Where the fungus lives
Histoplasma capsulatum is primarily found in the temperate regions of the world. It’s very common in the Ohio and Mississippi river valleys of North America, where many people have already been exposed to the fungus. Local outbreaks are usually correlated to the disturbance of roosting sites (i.e. a building renovation), which can produce large numbers of airborne fungal spores.
It thrives in damp soil that’s rich in organic material, especially the droppings from birds and bats. For that reason, it’s particularly common in chicken and pigeon coops, old barns, caves and parks.
Birds themselves aren’t infected with histoplasmosis — their body temperature is too high — but they can carry H. capsulatum on their feathers, and their droppings support the growth of the fungus. Birds commonly kept as pets, such as canaries and parakeets, aren’t affected. And although bats, which have a lower body temperature, can be infected, you can’t get histoplasmosis directly from a bat or from another person.
Histoplasmosis is caused by the reproductive cells (spores) of the fungus Histoplasma capsulatum. The spores are extremely light and float into the air when dirt or other contaminated material is disturbed.
Histoplasmosis and your lungs
Because the spores of H. capsulatum are microscopic in size, they can easily enter your lungs and settle in the small air sacs. There, the spores are trapped by macrophages — immune system cells that attack foreign organisms. The macrophages carry the spores to lymph nodes in your chest, where they continue to multiply. This may lead to inflammation, scarring and calcium deposits. In cases of heavy infection, the lymph nodes may become so enlarged that they obstruct your esophagus or your lungs’ airways.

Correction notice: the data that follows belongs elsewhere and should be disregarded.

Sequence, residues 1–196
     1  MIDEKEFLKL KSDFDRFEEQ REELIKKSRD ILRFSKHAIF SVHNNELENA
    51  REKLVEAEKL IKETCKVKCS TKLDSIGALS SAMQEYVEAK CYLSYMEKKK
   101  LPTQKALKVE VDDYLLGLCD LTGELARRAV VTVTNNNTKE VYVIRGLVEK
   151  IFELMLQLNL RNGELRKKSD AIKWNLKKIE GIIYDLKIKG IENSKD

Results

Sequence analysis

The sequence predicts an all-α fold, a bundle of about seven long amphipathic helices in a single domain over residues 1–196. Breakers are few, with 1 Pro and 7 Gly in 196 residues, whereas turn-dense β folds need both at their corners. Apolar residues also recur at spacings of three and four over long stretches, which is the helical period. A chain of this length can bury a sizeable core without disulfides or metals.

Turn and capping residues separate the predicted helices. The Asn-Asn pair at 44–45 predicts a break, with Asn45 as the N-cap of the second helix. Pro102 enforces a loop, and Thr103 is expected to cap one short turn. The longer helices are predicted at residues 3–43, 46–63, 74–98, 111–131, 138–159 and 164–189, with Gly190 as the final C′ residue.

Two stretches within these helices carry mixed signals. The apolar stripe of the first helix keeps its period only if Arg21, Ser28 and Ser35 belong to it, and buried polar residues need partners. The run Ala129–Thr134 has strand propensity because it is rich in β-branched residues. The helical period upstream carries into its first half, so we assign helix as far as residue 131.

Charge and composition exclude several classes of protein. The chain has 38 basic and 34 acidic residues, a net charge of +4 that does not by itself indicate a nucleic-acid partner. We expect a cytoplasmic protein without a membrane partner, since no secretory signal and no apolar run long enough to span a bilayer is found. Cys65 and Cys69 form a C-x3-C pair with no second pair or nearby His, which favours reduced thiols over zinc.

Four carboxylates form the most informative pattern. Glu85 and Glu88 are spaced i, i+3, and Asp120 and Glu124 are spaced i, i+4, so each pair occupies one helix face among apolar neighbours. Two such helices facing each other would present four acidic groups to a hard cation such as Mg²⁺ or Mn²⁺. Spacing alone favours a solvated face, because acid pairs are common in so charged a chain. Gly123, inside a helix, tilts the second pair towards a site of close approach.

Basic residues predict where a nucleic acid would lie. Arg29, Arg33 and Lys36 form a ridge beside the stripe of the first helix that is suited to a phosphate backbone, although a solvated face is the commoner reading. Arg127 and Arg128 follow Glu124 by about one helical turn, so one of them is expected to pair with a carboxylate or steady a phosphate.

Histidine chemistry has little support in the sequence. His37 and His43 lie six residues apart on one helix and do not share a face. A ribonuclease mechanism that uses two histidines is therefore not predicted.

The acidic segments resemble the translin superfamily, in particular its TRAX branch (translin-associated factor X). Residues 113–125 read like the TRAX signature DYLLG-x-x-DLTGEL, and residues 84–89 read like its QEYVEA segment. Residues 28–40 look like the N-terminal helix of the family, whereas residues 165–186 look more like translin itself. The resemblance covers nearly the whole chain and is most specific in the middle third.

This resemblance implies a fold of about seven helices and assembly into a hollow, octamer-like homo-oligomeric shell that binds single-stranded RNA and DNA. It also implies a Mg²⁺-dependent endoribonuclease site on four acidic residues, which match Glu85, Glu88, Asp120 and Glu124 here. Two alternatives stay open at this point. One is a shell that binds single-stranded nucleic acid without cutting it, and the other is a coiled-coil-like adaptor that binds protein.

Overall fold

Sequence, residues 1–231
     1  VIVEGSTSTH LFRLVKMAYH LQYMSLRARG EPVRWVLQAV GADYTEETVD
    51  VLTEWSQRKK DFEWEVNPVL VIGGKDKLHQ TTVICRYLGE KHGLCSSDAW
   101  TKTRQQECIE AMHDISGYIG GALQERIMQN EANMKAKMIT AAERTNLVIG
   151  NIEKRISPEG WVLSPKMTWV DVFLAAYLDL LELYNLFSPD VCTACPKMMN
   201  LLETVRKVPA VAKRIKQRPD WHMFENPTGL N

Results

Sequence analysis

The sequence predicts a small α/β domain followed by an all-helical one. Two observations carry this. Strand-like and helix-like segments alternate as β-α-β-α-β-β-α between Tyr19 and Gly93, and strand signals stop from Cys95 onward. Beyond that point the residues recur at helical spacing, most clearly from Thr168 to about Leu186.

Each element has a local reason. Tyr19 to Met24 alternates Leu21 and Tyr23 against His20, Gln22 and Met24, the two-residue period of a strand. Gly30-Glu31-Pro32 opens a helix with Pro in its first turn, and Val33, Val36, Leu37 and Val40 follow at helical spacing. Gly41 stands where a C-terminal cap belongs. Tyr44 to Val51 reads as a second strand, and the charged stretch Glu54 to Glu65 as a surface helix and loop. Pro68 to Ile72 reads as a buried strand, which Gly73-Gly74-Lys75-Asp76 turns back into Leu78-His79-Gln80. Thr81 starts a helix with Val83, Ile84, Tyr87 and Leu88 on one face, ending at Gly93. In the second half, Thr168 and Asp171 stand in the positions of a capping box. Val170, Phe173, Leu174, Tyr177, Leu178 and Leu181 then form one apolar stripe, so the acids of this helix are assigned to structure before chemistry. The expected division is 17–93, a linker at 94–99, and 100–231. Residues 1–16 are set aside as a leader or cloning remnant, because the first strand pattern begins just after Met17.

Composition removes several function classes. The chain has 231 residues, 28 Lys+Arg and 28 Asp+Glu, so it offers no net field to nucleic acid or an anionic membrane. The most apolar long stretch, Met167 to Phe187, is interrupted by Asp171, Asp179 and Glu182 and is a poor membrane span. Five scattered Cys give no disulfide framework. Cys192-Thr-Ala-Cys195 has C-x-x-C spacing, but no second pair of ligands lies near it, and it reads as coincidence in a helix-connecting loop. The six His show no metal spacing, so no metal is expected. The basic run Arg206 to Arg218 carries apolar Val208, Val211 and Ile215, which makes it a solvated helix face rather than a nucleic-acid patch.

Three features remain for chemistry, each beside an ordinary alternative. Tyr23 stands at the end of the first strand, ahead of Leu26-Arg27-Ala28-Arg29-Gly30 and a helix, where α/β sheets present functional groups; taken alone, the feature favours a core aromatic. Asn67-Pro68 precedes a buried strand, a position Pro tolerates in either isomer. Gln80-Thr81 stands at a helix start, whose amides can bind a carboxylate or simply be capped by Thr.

Most often, however, you’re not likely to have noticeable signs and symptoms, and the infection clears on its own without treatment. But if your immune system isn’t able to eliminate the spores, they can enter your bloodstream and travel to other parts of your body. In that case, you may develop a variety of severe problems that can be fatal if not diagnosed and treated quickly.
Even if you’ve had histoplasmosis in the past, you can still get the infection again. However, if you contract histoplasmosis again, the illness will likely be milder than the initial infection.
Histoplasma capsulatum and Cryptococcus neoformans are considered facultative pathogens, meaning that they can infect and cause disease in healthy humans (though most commonly infections occur in the immune compromised or suppressed). This situation differs from most common indoor fungi in that these organisms are capable of causing a specific and diagnosable disease. These fungi are of particular interest in indoor environment testing due to the fact that they are both commonly associated with areas that have significant amounts of bird droppings.
How histoplasmosis infection occurs
You get histoplasmosis when you breathe spores of the fungus Histoplasma capsulatum into your lungs
The detection and quantitation of Histoplasma capsulatum faces many problems. All H. capsulatum investigations must be by viable cultures. The analysis is further complicated by the fact that H. capsulatum is a very slow growing fungus. Under ideal laboratory conditions, the fungus takes between six to eight weeks to grow to maturity. These facts dissuade most IAQ investigators from testing for this organism. Due to this long growth time, special media must be used for any type of bio aerosol sampling, as you must both promote the growth of H. capsulatum while simultaneously suppressing the growth of more rapidly growing fungi (i.e. Aspergillus, Penicillium, etc.).